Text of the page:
Last London Mayor’s Question Time of the Decade

A special thanks to oSource: london.gov.ukur London Assembly Member Navin Shah who asked a few questions to London Mayor Boris Johnson directly affecting Dudden Hill residents at the last Mayor’s Question Time of the decade. Navin was elected as Brent and Harrow’s Assembly Member in 2008.

See Below:

“Particularly Challenging Problems”

Question No: 3739 / 2009

Navin Shah

What are the “particularly challenging problems” Tube Lines are facing at Neasden and Wembley Park?

Answer from the Mayor:

The issues Tube Lines face at Neasden and Wembley Park are because the track and signalling layout in these areas is especially complex, largely as a result of the depot at Neasden.

In this area there are numerous points and crossings which control the movement of both Jubilee and Metropolitan line trains, and each line crosses the path of the other at regular points, especially towards the entrance to the Neasden depot.  The new Jubilee line signalling will need to interface with the Metropolitan line signalling in the area.

Neasden Station

Question No: 3740 / 2009

Navin Shah

What work is required to bring the Metropolitan Line platforms at Neasden station to a safe and useable level?

Answer from the Mayor:

Work would be required to repair the uneven platform surfaces and edges and remove vegetation.  Lighting, signage and CCTV would need to be installed.

Furthermore, because the former access route to/from the northbound Metropolitan line platform now forms part of the ticket office, customers would be required to exit via the Jubilee line platforms and a subway at the north end of the station, which is currently used by staff only.

The subway requires substantial work before customers can use it, as lighting, flooring and wall surfaces are below standard and in poor condition.  In addition, there is no information or safety signage.

Extending Bus Route

Question No: 3741 / 2009

Navin Shah

Brent Council installed a bus stand and toilet on Church Road, NW10, in the expectation that a bus route would be extended to this area, which has limited bus routes. When will the Mayor actually extend a bus route that will use this facility and improve transport for this deprived local community?

Answer from the Mayor:

The bus stand at Church Road was installed as part of a road scheme designed, in part, to enable increased housing provision in the area.  TfL was involved in the development of this scheme and welcomed the improved bus infrastructure provided.  However, no commitment was given for its immediate use as the area is currently well served by three high frequency services which are adequate for the existing level of demand and which provide good links to the surrounding area.  When additional housing is developed demand will increase and TfL will reassess any business case for service extensions at this time.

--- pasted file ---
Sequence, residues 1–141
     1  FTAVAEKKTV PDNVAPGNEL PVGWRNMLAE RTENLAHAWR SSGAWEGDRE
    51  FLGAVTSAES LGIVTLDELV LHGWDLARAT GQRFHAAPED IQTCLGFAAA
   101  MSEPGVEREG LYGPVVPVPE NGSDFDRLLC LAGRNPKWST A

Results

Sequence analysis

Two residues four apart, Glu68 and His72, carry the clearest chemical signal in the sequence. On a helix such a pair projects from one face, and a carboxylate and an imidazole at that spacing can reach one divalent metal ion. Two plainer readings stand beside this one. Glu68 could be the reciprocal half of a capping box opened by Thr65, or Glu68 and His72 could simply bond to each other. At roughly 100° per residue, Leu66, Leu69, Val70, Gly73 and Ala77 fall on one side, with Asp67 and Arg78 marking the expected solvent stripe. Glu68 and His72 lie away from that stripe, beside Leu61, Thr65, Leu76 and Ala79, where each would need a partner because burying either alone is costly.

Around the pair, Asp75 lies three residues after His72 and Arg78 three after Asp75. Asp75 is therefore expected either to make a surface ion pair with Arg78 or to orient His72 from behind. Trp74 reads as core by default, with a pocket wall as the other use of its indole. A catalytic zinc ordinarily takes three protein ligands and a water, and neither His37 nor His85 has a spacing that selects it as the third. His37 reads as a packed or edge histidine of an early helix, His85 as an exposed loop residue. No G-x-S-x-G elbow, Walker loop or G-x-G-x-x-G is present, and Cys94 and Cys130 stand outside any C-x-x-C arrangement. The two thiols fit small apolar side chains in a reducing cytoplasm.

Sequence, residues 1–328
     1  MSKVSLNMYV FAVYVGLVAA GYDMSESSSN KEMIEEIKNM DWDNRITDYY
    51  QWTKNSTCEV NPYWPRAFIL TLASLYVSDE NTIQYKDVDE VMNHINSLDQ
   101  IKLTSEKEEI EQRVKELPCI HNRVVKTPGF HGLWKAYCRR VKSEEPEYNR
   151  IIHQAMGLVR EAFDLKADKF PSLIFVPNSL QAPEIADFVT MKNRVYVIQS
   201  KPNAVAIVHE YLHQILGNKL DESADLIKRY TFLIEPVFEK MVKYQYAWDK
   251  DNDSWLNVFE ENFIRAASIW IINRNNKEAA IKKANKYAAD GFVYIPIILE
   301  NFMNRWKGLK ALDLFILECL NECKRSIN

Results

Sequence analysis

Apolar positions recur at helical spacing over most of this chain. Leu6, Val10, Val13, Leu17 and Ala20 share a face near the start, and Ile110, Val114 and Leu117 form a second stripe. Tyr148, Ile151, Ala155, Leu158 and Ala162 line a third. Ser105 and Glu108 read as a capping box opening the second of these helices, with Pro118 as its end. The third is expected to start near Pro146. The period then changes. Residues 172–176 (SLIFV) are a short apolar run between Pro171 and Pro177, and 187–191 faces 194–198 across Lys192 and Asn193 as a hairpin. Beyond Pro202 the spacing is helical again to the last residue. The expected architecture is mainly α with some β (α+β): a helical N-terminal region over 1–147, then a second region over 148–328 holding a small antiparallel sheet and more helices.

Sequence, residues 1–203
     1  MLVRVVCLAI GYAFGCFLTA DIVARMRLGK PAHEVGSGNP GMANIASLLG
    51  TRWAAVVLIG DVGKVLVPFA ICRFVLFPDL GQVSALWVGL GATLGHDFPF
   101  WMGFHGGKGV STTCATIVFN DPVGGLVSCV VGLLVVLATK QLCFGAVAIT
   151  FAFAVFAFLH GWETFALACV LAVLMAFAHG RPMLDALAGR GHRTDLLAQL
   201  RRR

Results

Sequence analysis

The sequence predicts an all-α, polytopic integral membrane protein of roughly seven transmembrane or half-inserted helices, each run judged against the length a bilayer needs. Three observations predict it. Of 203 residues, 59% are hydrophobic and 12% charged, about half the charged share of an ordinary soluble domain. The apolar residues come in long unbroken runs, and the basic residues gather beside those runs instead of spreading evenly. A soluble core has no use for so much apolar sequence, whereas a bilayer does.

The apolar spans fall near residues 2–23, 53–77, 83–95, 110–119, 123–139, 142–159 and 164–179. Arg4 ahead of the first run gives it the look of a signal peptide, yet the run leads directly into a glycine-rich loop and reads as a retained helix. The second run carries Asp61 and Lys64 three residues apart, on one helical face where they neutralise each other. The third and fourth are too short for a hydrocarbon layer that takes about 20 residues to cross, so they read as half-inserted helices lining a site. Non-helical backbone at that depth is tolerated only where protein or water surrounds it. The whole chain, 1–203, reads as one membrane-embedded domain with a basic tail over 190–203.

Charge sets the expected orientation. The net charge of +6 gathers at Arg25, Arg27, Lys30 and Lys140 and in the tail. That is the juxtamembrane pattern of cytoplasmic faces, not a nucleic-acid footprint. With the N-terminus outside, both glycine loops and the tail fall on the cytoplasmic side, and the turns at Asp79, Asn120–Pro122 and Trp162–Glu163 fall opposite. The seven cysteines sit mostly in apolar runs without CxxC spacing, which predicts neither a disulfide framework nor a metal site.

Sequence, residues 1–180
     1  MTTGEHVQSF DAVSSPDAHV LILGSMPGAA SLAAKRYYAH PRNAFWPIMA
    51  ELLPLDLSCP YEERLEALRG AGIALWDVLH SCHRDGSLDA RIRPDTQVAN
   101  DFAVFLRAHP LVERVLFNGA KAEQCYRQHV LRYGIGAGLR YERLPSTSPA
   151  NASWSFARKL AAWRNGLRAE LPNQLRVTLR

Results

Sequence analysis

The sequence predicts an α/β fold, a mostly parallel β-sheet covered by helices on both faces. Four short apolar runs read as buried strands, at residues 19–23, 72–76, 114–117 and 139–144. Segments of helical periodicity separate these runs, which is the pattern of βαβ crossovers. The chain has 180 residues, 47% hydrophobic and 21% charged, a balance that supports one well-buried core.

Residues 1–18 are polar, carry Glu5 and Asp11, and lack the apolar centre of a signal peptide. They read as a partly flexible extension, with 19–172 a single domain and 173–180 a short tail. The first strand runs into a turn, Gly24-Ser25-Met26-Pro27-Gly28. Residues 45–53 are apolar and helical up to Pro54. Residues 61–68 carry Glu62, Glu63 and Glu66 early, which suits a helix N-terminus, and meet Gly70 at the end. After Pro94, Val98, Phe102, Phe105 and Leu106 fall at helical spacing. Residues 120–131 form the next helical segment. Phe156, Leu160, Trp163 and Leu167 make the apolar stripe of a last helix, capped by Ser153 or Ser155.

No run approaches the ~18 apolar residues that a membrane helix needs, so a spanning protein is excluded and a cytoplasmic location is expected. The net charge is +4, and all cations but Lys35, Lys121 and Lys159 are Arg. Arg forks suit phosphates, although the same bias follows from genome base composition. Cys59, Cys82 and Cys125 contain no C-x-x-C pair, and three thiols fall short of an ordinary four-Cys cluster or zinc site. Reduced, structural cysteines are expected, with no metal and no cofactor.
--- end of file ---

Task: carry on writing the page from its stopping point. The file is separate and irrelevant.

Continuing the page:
Track Inspections

Question No: 3742 / 2009

Navin Shah

How can the Mayor and Transport for London be sure that reducing the frequency of track inspections on the Jubilee line will not compromise passenger and staff safety? What advice was taken on the safety implications of this? Were staff and the unions consulted?

Answer from the Mayor:

The proposed reduction in the frequency of track inspections applies only to the newest section of the Line (the Jubilee Line Extension) and will only affect track patrolling.  All other track safety inspections will continue to be performed at the present frequency.

The London Underground standards currently require track patrolling to be undertaken at least twice per week. This compares to the track patrolling frequency of once per week mandated in the Network Rail standards for track with equivalent service duty (speed and tonnage). The primary reason for this difference in standards is the presence of the now obsolete Bullhead Track on much of the London Underground Network.

The Jubilee Line Extension was constructed with a modern track comprising continuously welded flat bottom rails on concrete sleepers. This track is identical to the track used on Network Rail and, as a result of its design, requires less maintenance and is less prone to defects and failures including broken rails.

The proposal to reduce the patrolling frequency on the Jubilee Line Extension is supported by a full safety analysis including risk assessment in accordance with the requirements of the London Underground Safety Management System. The safety justification was reviewed and approved by Tube Lines safety and engineering experts, in compliance with the full requirements of their Safety Review and Change Control procedure. Following approval within Tube Lines, a request for a concession to the London Underground Standard was submitted and reviewed by the LU Head of Track, our relevant engineering expert. The concession request was subsequently approved on the basis that there was adequate assurance that the proposed change would have no material detrimental effect on the safety of the railway service or staff.

A condition for the approval of the concession request was that Tube Lines ensured that staff and trade union representatives were adequately briefed about the proposed changes and the associated safety justification. Tube Lines have subsequently confirmed that this has been done.

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